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Home Conservatories A Great Place For Plants.

In CategoryTim Whitcombe
ByGardenAdvice Tim Whitcombe

The first home based conservatories were based on the victorian lean to glasshouse attached to a house or shed. Created from simple horticultural glass these first conservatories provided additional space for outdoor living by extending the spring and autumn seasons. In early spring when the sun becomes stronger but its still too cold to sit outside and in the later autumn as the outside temperature drops in the evening early conservatories provided a place to sit and chat with friends and family over a cup of tea.

These first conservatories were suited to growing such plants as aspidistra and ferns which could survive over the winter with the heat from the house walls. Today however with advances in glass technologies and roof blinds conservatories have now become a place both you and your plants can live all year around in comfort especially with some heating.  If you are considering installing a conservatory its best to get some expert advice such as  a specialist selling and installing conservatories Preston, Lanchashire we came across resently

With regards to plants modern conservatories open up a range of possible plants that you can grow from a few indoor oranges and lemons to your own mini tropical forest.This is a list of just a few of the plants that can be grown in your conservatory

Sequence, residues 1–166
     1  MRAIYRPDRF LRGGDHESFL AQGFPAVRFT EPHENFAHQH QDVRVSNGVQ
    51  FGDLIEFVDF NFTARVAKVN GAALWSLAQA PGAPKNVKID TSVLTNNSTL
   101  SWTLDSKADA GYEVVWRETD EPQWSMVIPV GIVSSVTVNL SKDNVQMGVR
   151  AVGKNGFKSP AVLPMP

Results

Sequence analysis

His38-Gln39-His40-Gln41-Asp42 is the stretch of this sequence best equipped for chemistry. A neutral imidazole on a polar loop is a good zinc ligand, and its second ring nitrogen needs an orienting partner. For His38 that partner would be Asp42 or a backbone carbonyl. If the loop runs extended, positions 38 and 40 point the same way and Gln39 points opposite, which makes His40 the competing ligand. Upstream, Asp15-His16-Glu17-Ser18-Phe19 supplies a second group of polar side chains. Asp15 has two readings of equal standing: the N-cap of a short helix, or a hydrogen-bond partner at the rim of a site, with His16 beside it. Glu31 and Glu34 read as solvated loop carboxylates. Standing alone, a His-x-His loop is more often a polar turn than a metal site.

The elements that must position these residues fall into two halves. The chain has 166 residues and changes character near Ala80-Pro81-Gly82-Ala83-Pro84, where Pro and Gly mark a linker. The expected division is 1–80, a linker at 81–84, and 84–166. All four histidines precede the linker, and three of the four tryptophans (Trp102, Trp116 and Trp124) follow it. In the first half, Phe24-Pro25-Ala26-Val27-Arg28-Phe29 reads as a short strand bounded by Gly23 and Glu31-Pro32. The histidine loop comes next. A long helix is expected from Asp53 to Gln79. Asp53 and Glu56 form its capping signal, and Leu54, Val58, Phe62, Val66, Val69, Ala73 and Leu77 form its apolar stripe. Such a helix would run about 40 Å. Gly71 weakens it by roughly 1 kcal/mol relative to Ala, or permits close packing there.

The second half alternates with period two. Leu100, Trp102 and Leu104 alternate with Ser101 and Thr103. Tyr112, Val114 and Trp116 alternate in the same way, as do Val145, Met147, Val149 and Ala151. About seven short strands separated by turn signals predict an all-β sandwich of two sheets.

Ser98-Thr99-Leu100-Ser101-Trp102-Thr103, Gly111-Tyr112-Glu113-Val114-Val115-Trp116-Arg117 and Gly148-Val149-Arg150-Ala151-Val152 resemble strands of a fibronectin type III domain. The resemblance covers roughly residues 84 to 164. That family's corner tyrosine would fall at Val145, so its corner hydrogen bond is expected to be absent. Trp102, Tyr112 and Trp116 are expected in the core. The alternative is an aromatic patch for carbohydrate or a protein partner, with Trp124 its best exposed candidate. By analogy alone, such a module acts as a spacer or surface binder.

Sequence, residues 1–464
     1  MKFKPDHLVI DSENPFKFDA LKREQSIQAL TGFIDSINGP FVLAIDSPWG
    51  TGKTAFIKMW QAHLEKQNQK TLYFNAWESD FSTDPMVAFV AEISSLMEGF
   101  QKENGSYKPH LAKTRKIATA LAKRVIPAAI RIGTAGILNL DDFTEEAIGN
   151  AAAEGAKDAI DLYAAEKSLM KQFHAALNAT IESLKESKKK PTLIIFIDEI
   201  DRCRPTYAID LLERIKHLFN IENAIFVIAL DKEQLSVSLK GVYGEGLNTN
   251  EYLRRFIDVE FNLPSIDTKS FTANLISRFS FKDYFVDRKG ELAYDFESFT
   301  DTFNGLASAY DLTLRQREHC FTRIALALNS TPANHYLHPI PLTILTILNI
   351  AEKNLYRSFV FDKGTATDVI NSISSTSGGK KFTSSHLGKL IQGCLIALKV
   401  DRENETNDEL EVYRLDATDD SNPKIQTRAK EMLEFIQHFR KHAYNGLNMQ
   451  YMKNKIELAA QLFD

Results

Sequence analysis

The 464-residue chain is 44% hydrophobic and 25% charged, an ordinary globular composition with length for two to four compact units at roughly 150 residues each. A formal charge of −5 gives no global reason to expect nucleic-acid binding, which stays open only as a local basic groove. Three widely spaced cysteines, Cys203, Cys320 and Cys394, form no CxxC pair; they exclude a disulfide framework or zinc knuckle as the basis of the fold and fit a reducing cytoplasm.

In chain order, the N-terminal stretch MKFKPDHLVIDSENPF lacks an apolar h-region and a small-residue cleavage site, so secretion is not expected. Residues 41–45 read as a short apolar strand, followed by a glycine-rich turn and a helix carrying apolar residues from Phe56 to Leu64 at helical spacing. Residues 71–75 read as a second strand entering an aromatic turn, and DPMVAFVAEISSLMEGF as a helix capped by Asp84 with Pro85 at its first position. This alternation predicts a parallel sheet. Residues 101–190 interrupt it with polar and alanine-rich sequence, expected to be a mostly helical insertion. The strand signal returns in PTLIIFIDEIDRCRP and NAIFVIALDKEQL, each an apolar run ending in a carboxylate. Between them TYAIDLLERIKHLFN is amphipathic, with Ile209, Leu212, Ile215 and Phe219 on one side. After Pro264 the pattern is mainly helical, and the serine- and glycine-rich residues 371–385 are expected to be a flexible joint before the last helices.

Aeonium ‘Zwartkop’  Succulent with very dark purple-black leaves. Pinch out to encourage branching. Needs good light. Pot into Cactus compost and feed 2-3 times in growing season. Keep drier in winter. 60 cms (2 feet)

Aloe brevifolia  Attractive succulent forming geometric mounds of tight rosettes of short softly spined leaves. Grow in loam based compost with added grit and keep on dry side in winter. Minimum 0 – 3° C.

Asparagus scandens  A dainty twining climber from South Africa with soft green ferny foliage, ideal for climbing up a trelllis, but is equally effective as a trailing plant in an ornamental pot. Unlike some other

Cyperus albostriatus  (Cyperus diffusus.) A low-growing relative of the Papyrus, this makes good groundcover for the edges of a pond in mild gardens, if allowed the space to spread. Otherwise makes a nice container plant v

Jasminum azoricum  Tender, evergreen Jasmine with sweetly scented white flowers March-Dec. Needs support. Grow in a loam based compost in good light but protected from hot sun. 4 metres (12 feet) plus. Minimum 0 – 3°

Justicia carnea – purple leaved form  Tender shrub of open habit with dark green leaves with a purple reverse and spectacular, large plumes of bright pink tubular flowers from mid summer to autumn. Cut back in spring to promote bushy

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